Tom’s nephew was over. As natural as breathing he says: What baloney story?

Everybody knows Lisa; but not everybody is familiar with all her stories. I don’t think anyone is; they can’t be numbered. She can be fun that way sometimes when she’s got enough money for her bills and you happen to have a lot of time at the post office.

Tom looks at me and I nod back at him, so he goes: The hardware store? Uptown?

We only have one. The nephew nods and shrugs.

Tom: It used to be both a hardware store and a IGA.

The nephew draws a blank.

Tom. It’s a chain of grocery stores. One half was the hardware and the other was the store. Where they got the paint section now? Used to be where all the eggs, milk, butter, all that kind of stuff was in one of those open refrigerated things. Anyway, up by the register was the scales and they had the cuts of meat behind glass. The scales were them old fashioned kind, the ones that stood up about two feet high, had the big arrow that went over the numbers when you pushed, I mean when you put something on ’em?

The nephew draws a blank on his face.

Tom: The ones they got today are a lot smaller and you need to know the type of equipment to get the story. The scales would be up to my stomach if I was standing on the floor and it was standing on a normal counter ..and about just under where a woman’s breast would be?

The nephew gets a weird look on his face.

Tom; That look you got is part of the story. I know you ain’t supposed to think about thing’s like that at your age, but for the purposes of understanding the story, take a time out. Anyway, you could get baloney by the pound.

Nephew: You still can. Up there at..

Tom: Okay. That ain’t the point. You’d go in and they’d cut it up and put it on the scales, like they do today, except with the old scales. The owner of the store at that time had a wife with big titties and she’d wear a low cut dress. And what she’d do is get the customer to look at the numbers and she’d lean over and her titties would press down on the scale and the customer would have to pay more and get less baloney.

I smiled at the layers of puns wrapped up in that one while the nephew shrugged: She was a cheat.

Tom; well ..yeah. But it was how. See back then, and even today, if you were a man you weren’t supposed to be lookin’ at them titties. She was a married wo-man. You were supposed to be lookin’ at what else was on sale, at whoever was comin’ in the door, thinkin’ about God or whatever else other than them titties. See? So the only way to catch her was to be immoral.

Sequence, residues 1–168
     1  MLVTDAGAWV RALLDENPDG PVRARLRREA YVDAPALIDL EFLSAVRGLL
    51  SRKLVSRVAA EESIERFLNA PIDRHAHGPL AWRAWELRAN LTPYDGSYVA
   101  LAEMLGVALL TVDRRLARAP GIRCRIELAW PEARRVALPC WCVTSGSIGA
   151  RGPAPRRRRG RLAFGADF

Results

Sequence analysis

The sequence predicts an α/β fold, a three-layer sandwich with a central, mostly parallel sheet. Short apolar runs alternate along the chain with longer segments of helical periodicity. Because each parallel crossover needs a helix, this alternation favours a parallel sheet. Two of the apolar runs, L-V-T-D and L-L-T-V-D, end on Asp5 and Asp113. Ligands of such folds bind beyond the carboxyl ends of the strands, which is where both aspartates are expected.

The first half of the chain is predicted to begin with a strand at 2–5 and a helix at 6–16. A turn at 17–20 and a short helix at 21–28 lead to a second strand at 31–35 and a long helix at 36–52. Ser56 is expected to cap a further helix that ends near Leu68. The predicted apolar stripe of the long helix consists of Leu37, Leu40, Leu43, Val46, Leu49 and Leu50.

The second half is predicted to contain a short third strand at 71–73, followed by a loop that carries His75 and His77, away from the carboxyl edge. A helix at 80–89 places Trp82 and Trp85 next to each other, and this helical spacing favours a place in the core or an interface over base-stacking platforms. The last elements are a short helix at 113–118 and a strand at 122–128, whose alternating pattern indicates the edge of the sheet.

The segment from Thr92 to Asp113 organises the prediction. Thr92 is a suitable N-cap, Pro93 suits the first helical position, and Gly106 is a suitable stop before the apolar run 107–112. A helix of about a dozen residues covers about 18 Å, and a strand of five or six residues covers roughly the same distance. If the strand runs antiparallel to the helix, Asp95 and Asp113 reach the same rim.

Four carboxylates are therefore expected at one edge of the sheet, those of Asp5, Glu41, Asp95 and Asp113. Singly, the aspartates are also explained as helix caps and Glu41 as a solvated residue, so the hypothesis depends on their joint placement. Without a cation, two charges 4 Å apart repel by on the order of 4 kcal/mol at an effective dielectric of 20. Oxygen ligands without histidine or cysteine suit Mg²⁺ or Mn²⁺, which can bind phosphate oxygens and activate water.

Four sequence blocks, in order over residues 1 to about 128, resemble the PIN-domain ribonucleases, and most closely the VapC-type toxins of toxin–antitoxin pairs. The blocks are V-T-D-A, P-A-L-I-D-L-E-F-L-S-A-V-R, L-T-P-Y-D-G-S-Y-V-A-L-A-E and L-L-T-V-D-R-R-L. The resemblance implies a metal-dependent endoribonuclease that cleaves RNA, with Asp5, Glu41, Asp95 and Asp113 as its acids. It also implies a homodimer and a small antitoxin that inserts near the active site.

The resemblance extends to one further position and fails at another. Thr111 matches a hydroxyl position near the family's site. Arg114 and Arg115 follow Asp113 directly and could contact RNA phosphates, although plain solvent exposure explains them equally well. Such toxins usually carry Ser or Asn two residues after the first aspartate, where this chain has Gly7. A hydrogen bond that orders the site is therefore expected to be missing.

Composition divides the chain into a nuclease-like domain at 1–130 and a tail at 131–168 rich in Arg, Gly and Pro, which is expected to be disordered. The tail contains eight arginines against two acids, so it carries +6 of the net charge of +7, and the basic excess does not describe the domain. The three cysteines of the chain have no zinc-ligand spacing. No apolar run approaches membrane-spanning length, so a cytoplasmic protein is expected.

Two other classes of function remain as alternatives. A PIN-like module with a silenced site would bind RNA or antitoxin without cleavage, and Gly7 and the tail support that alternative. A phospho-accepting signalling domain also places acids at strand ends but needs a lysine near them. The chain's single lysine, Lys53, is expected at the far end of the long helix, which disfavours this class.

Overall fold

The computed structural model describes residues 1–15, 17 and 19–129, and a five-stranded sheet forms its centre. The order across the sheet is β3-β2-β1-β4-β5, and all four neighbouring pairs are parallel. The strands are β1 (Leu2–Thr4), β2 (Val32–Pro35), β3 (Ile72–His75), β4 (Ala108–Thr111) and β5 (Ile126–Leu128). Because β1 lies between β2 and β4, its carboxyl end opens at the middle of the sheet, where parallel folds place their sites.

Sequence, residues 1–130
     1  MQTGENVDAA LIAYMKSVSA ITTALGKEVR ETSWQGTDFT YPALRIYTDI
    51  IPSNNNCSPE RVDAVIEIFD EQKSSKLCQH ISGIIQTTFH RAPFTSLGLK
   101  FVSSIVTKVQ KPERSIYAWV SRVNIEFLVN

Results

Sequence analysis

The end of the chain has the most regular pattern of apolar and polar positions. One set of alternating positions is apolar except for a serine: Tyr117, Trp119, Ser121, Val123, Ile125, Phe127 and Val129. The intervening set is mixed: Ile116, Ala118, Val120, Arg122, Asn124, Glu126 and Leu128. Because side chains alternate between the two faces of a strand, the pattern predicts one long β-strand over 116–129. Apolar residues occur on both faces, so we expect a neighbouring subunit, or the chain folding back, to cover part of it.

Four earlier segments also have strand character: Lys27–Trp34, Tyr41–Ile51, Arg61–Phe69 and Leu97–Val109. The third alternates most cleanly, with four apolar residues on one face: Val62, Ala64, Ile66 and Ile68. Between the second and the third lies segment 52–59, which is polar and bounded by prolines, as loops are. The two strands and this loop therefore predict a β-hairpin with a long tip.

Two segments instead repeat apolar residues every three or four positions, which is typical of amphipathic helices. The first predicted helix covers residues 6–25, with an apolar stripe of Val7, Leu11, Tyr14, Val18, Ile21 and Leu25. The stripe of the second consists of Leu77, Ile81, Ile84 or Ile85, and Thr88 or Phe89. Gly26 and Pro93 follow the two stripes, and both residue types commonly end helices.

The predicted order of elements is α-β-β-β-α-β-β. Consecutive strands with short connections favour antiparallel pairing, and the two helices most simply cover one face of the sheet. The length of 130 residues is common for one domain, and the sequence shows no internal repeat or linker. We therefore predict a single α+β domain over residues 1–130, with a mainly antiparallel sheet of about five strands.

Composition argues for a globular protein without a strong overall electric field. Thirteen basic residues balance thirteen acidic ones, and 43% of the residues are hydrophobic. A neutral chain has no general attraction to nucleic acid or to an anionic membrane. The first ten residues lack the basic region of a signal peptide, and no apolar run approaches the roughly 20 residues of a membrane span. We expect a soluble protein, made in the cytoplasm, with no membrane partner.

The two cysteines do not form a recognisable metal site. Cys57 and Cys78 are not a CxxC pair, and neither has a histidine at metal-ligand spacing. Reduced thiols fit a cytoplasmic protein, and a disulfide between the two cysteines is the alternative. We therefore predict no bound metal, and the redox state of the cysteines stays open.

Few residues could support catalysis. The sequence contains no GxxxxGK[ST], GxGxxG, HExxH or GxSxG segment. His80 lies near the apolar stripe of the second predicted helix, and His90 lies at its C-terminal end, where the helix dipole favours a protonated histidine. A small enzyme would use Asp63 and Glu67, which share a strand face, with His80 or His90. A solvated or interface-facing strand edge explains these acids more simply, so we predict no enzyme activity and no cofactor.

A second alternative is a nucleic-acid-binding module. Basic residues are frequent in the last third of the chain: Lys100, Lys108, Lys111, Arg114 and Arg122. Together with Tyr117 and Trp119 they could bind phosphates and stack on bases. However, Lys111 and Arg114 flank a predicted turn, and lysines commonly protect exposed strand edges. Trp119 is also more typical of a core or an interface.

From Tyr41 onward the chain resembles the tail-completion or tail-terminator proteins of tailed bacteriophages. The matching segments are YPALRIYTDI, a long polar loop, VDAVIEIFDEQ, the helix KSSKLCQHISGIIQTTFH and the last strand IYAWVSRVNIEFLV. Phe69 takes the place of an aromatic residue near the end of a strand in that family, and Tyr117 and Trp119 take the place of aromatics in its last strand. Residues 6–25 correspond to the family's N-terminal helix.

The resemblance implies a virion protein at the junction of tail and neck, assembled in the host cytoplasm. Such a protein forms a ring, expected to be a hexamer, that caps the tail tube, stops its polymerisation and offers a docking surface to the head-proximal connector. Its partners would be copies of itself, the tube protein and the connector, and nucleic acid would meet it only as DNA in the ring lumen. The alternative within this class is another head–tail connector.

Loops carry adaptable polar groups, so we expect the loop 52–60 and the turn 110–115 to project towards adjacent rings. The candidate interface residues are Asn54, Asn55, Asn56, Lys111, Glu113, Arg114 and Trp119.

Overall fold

Me: Well, you didn’t have to actually BE immoral. You just had to keep a sharp eye without bein’ immoral.

Tom. You know what I mean. Anyway, when Lisa tells that story, she always laughs in her way and almost shouts : Them titties sold a lot of baloney! Some stories only old women can tell the best about other women.

Me: And when she says it, you get the impression she thinks it was smart and she wishes she had been that smart back then. Sometimes she would fake a laugh to see what the preacher would look like as she told it and laughed.

Nephew: you mean she was taking advantage of the fact I wasn’t supposed to be looking? To …to .. now that’s low down dirty pool.

Tom: True. True indeed. Now here’s the thing: how do you portray that to non-native English speakers. You tell that story to somebody that doesn’t know that baloney is an actual meat product, but you really never know what’s in it and so the word baloney has become a synonym for a mysterious mingling of words or outright lies for a host of reasons and they’ll just look at you with a blank stare.

Me: what’s worse: if you had to explain the details to them they almost couldn’t laugh.

Nephew: why?

Me: language classes are taught as if no immorality ever existed on planet earth: all the phrases and vocabulary are the most polite speech and the assumption of the good intentions –not to mention the supposed free will — of everybody. So if you told that story –and stories are the way people get to know each other and feel like they are participating in the new speech and aren’t getting behind –and if they finally did understand it, they would have to demonstrate something about themselves to laugh. And what they would have to demonstrate would be outside the bounds of the normal etiquette you encounter in language classes. So at best you’d get a polite ‘ha ha’ and a quick movement away from the moment ..which could be its own funny moment of a sort. The point is to tell a story that they understand, that has some complication, a pun here and there and they will recognize that they know English, and English speaking people, more than they thought they did and be encouraged. But most people who don’t speak English wouldn’t get the puns on ‘baloney’.